Square planar or octahedral after all? The indistinct solvation of platinum(II)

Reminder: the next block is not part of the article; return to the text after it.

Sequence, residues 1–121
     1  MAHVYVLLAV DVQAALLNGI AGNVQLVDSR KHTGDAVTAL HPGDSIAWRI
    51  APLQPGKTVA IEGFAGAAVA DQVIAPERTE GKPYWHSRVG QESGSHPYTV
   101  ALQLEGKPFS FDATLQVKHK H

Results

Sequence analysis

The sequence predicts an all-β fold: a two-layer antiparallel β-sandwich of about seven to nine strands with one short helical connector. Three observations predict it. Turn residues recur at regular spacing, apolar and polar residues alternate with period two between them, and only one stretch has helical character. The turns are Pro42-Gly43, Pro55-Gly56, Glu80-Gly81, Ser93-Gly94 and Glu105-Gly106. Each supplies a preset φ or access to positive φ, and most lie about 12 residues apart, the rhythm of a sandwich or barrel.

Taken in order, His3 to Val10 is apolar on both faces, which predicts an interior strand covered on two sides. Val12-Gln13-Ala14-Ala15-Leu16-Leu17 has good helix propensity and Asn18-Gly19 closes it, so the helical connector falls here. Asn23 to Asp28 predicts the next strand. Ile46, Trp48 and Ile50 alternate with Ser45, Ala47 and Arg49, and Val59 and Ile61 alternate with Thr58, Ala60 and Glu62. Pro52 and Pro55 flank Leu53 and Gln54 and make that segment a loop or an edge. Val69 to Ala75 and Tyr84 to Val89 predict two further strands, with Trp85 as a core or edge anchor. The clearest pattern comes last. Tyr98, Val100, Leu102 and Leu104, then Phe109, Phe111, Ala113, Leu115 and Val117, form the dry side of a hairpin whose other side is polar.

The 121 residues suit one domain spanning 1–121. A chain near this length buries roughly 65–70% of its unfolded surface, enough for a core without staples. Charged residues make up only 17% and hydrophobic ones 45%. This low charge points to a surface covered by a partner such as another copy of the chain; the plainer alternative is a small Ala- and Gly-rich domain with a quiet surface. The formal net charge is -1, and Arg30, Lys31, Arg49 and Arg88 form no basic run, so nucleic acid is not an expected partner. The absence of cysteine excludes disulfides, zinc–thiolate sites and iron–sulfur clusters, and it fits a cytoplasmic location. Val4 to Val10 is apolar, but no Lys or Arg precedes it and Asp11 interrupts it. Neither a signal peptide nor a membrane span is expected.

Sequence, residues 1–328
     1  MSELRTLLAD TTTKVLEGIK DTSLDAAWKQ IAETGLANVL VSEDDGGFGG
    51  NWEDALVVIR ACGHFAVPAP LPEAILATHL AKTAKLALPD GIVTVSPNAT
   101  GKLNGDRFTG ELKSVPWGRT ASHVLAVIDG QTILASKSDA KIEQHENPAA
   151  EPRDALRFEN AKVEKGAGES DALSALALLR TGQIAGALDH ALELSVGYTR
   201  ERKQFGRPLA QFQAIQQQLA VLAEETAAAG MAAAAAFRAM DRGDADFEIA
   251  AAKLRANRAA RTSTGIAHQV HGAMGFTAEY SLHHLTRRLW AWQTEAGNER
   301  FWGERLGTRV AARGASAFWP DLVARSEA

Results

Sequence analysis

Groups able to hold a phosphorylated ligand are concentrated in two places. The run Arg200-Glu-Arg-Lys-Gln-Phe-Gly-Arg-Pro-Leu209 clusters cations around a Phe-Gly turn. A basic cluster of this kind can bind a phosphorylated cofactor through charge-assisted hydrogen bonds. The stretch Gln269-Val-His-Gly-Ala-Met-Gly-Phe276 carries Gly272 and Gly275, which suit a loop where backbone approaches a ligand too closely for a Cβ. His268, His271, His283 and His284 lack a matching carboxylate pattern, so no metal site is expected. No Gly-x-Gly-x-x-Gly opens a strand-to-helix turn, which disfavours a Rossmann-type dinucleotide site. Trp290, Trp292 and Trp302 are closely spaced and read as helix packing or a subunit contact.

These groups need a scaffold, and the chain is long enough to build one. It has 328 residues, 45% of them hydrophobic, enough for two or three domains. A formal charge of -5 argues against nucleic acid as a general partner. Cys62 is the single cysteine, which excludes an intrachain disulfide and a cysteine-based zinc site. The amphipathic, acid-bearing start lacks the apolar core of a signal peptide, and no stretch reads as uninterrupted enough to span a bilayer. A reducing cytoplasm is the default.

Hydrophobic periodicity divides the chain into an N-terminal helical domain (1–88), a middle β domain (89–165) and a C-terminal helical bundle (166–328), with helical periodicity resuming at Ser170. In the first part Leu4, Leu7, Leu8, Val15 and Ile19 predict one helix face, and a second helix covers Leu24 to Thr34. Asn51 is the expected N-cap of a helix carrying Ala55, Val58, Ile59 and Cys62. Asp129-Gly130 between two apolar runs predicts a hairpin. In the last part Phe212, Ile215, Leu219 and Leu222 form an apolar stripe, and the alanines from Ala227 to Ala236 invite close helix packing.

The solvation structures of Pd(II) and Pt(II) are typically reduced to the well-known square-planar structural motif, although it has been shown, in both experimental and theoretical investigations, that these solutes have a tendency to bind ligand molecules at elongated distance in axial coordination sites. In aqueous solution both ions form a tetragonally elongated octahedral first hydration shell (coordination number 6). However, a recent QM/MM MD simulation of Pd(II) in ammonia solution indicated that the properties of the axial ligands are highly sensitive with respect to the nature of the solvent. In the present study the solvation properties of these solutes in aqueous solution and pure ammonia are compared, presenting novel QM/MM MD data for Pt(II) in ammonia solution. The simulation results indicate that in the latter case the coordination sites in axial position remain unoccupied, thus indeed forming the prototype four-fold, square planar solvation structure (coordination number 4). The respective solvation properties are thoroughly evaluated and compared to experimental enthalpy and entropy of activation for the first shell ligand exchange, which similarly point towards the unique solvation of Pt(II) in ammonia solution. The observed solvation can be explained via the electrostatic potential of tetraammineplatinum(II) and -palladium(II), clearly highlighting a strongly negative potential perpendicular to the plane of solvation in the Pt(II) case. This result can be well interpreted in the rather simple context of Pearson's electronegativity and hardness, which had to be re-evaluated for Pt(II) employing novel data for the second and third ionisation potentials of elemental Pt. In contrast to earlier work these results indicate that the latter is less electronegative and softer than its Pd(II) counterpart. Together with the lower electronegativity and hardness of NH3 ligands compared to H2O the interaction between the solute and axial ligands is weakened up to a point at which the formation of a tetragonally elongated coordination is prevented.